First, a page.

Many ‘foul’ techniques are ineffective, causing little more than mild pain and annoyance. Don’t expect to just poke that guy straddling your chest in the eye and he’ll jump right off you and vanish into a cloud of smoke. Taking the time to develop the skill to effectively escape that position is a much better plan.
As for those ‘foul’ and ripping type attacks that are effective, they must either provide a significant mechanical advantage (such as fish-hooking the corner of the mouth or eye-socket for leverage) or cause significant damage (such as rupturing the eardrum, or eye, or breaking the ankle). These must be applied from a baseline of skill. Believe it or not, there is a right and wrong way to pull hair, gouge eyes or smash groins. At the very least, you need enough combatives skill to recognize when an opportunity for ripping occurs, and it’s even better to have the skill to make the opportunity.
Fallacy 4: “Once I do X the fight’s over.”
This one has many forms. Sometimes it’s mythical Dim Mak death-touch nonsense in which hitting someone ‘just so’ instantly puts them down. Sometimes it’s the claim that if a certain artery is cut the bad guy will bleed out in 7.362 seconds. (The amount of damage he can inflict in that time is rarely addressed. Perhaps he just sits quietly while ignoring the guy he was trying to kill a moment ago.) Other times it’s just the assumption that a certain technique will always be effective against everyone.
However, we know from the past that there is no magic method that stops a determined opponent 100% of the time. There are men and women walking around today who continued to fight after being shot through the heart and records of fighters ignoring broken bones and torn joints in the ring are legion.
Something needs to be understood about fighting in the context of personal defense: the fight is over when the attacker says it’s over; it’s just our job to lead him to that conclusion as quickly as we can. Sometimes that means running further than he’s willing to chase us, other times it means damaging him until he can’t. Your combatives training must include the mindset that you will fight until the fight ends or can be escaped, even if the Sunday punch doesn’t work out.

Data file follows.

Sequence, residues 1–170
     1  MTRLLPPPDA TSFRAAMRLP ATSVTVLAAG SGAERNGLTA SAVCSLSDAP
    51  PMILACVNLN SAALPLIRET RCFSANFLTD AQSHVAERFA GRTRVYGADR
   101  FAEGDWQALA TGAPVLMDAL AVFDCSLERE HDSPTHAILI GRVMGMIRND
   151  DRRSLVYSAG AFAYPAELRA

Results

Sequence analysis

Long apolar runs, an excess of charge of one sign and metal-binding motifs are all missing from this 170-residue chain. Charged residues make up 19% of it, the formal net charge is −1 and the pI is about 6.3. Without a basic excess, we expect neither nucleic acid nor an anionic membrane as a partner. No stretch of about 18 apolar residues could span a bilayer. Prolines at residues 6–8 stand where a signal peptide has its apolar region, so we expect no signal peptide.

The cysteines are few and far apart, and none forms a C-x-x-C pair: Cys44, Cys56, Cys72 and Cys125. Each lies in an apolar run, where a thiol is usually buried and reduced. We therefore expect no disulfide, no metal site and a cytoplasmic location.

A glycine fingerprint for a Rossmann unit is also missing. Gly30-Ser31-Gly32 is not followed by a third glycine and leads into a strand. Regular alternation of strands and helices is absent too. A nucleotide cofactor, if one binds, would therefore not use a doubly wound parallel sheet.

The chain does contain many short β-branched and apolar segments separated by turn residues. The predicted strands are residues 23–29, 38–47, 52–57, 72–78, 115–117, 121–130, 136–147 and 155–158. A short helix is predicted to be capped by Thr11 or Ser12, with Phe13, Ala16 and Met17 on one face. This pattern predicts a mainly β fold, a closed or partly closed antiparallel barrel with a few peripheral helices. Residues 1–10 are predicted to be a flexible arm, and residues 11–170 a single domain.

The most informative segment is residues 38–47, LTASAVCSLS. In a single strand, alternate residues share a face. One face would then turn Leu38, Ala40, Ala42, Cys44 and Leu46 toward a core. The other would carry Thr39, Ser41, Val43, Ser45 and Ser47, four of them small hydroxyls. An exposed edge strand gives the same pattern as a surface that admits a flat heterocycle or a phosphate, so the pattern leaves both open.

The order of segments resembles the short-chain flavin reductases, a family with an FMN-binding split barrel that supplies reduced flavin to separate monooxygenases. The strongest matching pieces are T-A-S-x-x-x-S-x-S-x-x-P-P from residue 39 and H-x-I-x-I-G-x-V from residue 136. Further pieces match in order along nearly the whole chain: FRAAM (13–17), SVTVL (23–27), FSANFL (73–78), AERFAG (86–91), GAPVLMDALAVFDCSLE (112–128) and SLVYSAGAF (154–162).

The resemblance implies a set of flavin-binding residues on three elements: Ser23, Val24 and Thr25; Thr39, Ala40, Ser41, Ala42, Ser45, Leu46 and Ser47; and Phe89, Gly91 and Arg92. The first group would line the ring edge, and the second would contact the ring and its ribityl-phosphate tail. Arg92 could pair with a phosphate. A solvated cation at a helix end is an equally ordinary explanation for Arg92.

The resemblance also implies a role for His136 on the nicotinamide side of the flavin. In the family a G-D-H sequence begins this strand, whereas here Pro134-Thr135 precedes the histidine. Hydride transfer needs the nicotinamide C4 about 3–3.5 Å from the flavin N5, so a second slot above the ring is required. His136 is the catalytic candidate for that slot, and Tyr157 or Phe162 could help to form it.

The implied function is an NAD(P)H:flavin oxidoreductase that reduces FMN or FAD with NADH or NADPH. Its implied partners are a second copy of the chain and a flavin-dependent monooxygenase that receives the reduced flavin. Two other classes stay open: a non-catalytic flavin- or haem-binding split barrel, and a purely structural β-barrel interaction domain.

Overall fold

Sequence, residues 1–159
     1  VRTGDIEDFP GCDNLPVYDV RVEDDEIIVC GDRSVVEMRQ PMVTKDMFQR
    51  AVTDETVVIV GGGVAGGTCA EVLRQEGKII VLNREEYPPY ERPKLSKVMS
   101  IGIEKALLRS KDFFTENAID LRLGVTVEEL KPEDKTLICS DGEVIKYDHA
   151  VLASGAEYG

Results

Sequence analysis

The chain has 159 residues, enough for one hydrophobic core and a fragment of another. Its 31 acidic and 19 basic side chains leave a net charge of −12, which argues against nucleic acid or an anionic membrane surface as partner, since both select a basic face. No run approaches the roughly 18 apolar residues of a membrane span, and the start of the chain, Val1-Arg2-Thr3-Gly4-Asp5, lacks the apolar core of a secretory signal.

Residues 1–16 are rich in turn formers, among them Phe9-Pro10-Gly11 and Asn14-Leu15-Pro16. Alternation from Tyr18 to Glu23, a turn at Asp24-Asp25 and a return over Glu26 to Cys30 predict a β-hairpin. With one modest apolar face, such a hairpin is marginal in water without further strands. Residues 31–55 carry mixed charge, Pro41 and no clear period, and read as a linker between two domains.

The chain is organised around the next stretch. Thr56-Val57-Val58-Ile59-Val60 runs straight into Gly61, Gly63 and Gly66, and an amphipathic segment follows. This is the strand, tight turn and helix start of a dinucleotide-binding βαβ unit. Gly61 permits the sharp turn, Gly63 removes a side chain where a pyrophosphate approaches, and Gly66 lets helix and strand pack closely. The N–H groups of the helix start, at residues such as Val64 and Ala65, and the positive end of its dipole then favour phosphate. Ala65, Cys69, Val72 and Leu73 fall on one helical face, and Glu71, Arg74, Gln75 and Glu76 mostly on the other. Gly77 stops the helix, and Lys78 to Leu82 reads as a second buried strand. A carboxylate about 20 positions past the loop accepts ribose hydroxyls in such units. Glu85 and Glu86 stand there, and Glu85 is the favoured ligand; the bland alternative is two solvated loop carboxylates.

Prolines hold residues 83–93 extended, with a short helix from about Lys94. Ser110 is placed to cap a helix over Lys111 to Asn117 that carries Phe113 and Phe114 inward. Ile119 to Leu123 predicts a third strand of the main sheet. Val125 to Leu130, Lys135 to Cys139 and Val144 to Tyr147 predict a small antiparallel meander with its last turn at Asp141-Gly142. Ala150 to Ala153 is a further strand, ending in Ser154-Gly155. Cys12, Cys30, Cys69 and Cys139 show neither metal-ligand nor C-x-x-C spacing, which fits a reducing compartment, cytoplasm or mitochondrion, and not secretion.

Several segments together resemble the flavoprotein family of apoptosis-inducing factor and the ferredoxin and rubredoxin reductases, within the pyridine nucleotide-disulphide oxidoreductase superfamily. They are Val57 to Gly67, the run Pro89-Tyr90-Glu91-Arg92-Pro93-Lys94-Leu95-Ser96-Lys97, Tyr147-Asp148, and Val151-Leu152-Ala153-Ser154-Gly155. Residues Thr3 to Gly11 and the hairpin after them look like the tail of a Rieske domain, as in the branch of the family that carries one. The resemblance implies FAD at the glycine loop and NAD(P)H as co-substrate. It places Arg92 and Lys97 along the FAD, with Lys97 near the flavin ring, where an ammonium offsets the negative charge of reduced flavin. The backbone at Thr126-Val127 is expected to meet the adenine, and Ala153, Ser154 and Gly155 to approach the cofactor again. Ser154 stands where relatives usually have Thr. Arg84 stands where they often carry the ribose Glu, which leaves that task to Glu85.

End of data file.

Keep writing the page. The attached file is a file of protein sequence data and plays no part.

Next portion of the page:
Fallacy 5: “My X-colored belt in Traditional Martial Art Y means I know how to fight.”
Getting a belt rank in a traditional martial art takes time, attention to detail, discipline and perseverance. People who have earned black belts are understandably proud of them. Unfortunately, many traditional martial arts are either very far divorced from their fighting roots or teach a fighting style that is only effective in a narrowly defined scenario. If you think your belt in traditional martial art X is going to make you fight like the guys in the movies, you’re in for a very rude awakening, and I say that as someone who has been through it.
I had done traditional martial arts for nearly ten years when I had the chance to spar against a well-rounded MMA fighter. I was sure I knew how to fight, and I was sure about how he would attack, react or move; I was sure about a lot of things. My opponent, however, was unencumbered by such certainties. He was concerned only with winning, and he did so handily (and violently) with tools he knew would work, even if they didn’t look pretty or feature prominently in the latest Jason Statham vehicle.
This is not to say that all ‘traditional’ martial arts are useless. Many feature effective techniques and all build character and self-discipline. However, to apply those techniques to our overall personal defense skill set, they must be pulled from their rigid traditions and pressure tested in an accurate context. It doesn’t matter how well a technique works in the parameters we set if we can’t make it work in those set by our attacker.
Hand-to-hand combatives have been studied for as long as humans have had hands, and there have been myths and misperceptions all along the way. But don’t let these fallacies stand in the way of getting the training you need. Being aware of them is the first step to putting them to rest and getting on with the task at hand: building the best skill set for the defense of ourselves and our families.